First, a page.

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On Comparative Engine Performance Testing With Fiber Delivered Laser Ignition and Electrical Ignition

[+] Author Affiliations
Nick Wilvert, Sachin Joshi, Azer Yalin

Colorado State University, Fort Collins, CO

Paper No. ICEF2012-92007, pp. 1-9; 9 pages
doi:10.1115/ICEF2012-92007
From:
  • ASME 2012 Internal Combustion Engine Division Fall Technical Conference
  • ASME 2012 Internal Combustion Engine Division Fall Technical Conference
  • Vancouver, BC, Canada, September 23–26, 2012
  • Conference Sponsors: Internal Combustion Engine Division
  • ISBN: 978-0-7918-5509-6
  • Copyright © 2012 by ASME

abstract

Laser ignition of natural gas engines has shown potential to improve many facets of engine performance including brake thermal efficiency, exhaust emissions, and durability as compared with traditional spark ignition. We present proof of concept of a novel fiber optic delivery approach using solid core multimode step index silica fibers with large cladding diameters (400 m core, 720 m cladding). The fibers were able to deliver high beam quality 25 nanosecond pulses of 1064 nm light with 7–10 mJ energy; sufficient to consistently ignite the engine at various air-fuel ratios and loads. Comparative tests between the laser spark plug and a traditional J-gap spark plug were performed on a single cylinder Waukesha Cooperative Fuel Research (CFR) engine running on bottled methane. Performance was measured in terms of the Coefficient of Variation (COV) of Net Mean Effective Pressure (NMEP), fuel specific efficiency, and emissions of oxides of nitrogen (NOx), carbon monoxide (CO), and total hydrocarbons (THC). Tests were run at three different NMEPs of 6, 8, and 12 bar at various air-fuel ratios. Results indicate successful operation of the fiber and improved engine performance at high NMEP and lean conditions.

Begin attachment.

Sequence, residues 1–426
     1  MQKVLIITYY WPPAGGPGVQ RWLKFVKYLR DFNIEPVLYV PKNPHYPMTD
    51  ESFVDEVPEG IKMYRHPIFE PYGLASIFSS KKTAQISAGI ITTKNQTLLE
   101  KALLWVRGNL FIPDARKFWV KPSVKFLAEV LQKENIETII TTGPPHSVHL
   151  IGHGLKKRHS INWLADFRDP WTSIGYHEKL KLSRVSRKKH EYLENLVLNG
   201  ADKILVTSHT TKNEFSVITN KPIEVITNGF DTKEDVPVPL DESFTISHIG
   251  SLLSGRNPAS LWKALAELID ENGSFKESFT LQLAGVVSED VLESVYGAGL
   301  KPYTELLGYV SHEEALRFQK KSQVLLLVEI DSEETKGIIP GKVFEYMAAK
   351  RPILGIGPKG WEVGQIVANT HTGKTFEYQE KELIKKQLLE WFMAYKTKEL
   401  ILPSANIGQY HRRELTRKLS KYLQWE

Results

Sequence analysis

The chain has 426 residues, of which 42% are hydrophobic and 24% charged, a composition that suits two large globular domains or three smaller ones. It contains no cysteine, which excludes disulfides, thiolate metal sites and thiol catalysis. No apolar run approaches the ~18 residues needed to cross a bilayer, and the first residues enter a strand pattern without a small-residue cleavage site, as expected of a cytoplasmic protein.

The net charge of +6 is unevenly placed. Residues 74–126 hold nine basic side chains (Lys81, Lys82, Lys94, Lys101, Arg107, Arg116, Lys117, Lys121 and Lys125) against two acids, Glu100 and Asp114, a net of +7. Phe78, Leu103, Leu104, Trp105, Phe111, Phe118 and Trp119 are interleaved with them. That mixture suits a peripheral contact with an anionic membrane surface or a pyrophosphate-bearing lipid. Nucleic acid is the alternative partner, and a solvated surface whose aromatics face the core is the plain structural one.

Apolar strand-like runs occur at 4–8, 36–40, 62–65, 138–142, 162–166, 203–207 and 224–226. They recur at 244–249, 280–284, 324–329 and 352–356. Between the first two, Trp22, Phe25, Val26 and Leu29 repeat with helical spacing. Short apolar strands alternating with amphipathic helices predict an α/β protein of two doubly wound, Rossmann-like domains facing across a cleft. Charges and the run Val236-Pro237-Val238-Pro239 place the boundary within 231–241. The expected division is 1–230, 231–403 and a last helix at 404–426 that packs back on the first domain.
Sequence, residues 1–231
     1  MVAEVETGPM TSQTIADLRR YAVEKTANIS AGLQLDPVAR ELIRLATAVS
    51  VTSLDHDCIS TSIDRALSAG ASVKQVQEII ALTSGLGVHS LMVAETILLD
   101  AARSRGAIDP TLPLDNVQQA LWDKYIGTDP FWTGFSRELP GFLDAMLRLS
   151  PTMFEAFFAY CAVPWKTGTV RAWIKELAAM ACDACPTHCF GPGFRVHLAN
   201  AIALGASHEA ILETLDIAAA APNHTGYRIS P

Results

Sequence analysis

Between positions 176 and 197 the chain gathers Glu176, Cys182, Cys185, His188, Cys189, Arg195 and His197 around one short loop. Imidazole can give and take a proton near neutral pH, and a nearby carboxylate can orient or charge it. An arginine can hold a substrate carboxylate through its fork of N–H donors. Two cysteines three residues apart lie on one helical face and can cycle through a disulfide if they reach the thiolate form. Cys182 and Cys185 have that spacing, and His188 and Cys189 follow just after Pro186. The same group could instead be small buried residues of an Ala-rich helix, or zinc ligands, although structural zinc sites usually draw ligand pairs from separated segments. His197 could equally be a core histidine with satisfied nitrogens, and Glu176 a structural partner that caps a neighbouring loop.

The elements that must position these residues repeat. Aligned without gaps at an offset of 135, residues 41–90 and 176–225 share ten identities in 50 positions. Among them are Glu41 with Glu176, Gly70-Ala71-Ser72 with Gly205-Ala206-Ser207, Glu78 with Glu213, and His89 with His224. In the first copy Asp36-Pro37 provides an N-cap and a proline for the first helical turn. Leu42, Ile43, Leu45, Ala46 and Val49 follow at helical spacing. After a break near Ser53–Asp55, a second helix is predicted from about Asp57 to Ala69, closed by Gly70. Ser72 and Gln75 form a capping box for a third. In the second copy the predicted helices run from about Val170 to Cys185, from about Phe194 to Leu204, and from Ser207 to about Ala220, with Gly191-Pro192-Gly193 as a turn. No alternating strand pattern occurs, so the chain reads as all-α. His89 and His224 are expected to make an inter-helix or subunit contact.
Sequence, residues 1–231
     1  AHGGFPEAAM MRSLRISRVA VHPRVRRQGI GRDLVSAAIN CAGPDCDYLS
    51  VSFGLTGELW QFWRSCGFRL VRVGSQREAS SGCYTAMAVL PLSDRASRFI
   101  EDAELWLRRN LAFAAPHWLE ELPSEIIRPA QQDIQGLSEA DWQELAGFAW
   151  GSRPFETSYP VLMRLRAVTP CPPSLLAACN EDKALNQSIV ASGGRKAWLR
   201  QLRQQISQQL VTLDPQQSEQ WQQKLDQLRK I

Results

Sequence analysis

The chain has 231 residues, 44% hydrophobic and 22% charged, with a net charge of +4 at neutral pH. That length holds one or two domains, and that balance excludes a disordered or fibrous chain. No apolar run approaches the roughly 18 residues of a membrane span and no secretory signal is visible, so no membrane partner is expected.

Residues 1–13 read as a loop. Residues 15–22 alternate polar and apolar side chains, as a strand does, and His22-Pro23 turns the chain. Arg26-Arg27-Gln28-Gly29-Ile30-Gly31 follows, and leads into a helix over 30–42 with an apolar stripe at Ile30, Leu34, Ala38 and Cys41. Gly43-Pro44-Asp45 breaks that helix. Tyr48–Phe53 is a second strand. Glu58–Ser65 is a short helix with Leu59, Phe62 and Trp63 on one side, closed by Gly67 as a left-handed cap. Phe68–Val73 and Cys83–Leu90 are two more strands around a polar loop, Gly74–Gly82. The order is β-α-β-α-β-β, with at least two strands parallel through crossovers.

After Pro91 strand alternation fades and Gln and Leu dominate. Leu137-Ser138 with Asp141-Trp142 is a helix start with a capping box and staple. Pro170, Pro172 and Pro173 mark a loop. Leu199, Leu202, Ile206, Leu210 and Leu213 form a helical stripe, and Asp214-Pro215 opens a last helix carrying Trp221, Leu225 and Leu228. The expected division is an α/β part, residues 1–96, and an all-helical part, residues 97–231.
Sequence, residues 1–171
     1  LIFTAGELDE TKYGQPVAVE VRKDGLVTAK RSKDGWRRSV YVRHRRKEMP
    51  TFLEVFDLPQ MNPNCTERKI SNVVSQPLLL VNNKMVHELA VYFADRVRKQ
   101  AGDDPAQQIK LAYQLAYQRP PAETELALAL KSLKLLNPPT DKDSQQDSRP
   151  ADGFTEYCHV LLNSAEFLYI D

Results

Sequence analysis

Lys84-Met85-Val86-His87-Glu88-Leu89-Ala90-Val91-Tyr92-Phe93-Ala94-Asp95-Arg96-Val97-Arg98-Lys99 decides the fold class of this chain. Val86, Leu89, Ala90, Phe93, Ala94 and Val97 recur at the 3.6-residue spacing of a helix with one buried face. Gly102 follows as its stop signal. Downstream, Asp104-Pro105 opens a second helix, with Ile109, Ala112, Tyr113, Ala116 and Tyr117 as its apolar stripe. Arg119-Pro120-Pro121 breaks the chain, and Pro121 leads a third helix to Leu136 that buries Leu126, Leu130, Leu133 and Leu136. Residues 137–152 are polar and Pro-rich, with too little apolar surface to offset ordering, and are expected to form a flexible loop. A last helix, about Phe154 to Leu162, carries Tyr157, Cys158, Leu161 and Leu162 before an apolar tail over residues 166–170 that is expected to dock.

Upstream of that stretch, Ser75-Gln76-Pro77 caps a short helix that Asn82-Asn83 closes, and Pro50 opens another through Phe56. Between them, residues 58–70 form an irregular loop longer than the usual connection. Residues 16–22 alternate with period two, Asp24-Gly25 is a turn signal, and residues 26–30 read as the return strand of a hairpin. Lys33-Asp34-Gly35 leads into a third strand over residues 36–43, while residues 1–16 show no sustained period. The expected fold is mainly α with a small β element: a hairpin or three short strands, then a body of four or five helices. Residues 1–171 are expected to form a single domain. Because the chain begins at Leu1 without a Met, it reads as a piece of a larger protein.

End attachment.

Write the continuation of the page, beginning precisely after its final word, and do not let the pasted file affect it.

Copyright © 2012 by ASME

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